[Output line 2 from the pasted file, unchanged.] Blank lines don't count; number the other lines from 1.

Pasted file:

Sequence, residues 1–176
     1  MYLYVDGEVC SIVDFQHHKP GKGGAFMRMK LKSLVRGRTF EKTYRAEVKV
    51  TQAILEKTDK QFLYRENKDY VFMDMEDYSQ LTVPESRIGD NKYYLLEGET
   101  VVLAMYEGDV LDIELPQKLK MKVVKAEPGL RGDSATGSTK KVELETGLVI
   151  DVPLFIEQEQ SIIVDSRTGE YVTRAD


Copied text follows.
     1  MYLYVDGEVC SIVDFQHHKP GKGGAFMRMK LKSLVRGRTF EKTYRAEVKV